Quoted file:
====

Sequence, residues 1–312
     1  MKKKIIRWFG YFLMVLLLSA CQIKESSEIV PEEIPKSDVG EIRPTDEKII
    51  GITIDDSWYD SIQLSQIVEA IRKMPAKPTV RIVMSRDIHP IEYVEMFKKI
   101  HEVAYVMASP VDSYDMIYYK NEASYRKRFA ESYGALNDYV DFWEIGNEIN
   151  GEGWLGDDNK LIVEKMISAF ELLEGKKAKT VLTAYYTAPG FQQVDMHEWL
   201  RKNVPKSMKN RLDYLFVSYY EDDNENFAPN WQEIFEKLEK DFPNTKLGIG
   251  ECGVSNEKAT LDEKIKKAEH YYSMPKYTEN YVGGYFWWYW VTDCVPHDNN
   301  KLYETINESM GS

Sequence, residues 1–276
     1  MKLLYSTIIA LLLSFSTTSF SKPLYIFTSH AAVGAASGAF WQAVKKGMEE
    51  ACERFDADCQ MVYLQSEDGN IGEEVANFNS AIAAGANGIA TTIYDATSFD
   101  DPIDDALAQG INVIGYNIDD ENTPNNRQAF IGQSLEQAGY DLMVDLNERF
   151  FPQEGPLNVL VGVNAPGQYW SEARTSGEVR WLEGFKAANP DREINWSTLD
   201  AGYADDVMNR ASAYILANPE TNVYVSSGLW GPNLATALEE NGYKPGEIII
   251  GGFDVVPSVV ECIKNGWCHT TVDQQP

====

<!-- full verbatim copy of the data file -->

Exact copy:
Sequence, residues 1–312
     1  MKKKIIRWFG YFLMVLLLSA CQIKESSEIV PEEIPKSDVG EIRPTDEKII
    51  GITIDDSWYD SIQLSQIVEA IRKMPAKPTV RIVMSRDIHP IEYVEMFKKI
   101  HEVAYVMASP VDSYDMIYYK NEASYRKRFA ESYGALNDYV DFWEIGNEIN
   151  GEGWLGDDNK LIVEKMISAF ELLEGKKAKT VLTAYYTAPG FQQVDMHEWL
   201  RKNVPKSMKN RLDYLFVSYY EDDNENFAPN WQEIFEKLEK DFPNTKLGIG
   251  ECGVSNEKAT LDEKIKKAEH YYSMPKYTEN YVGGYFWWYW VTDCVPHDNN
   301  KLYETINESM GS

Sequence, residues 1–276
     1  MKLLYSTIIA LLLSFSTTSF SKPLYIFTSH AAVGAASGAF WQAVKKGMEE
    51  ACERFDADCQ MVYLQSEDGN IGEEVANFNS AIAAGANGIA TTIYDATSFD
   101  DPIDDALAQG INVIGYNIDD ENTPNNRQAF IGQSLEQAGY DLMVDLNERF
   151  FPQEGPLNVL VGVNAPGQYW SEARTSGEVR WLEGFKAANP DREINWSTLD
   201  AGYADDVMNR ASAYILANPE TNVYVSSGLW GPNLATALEE NGYKPGEIII
   251  GGFDVVPSVV ECIKNGWCHT TVDQQP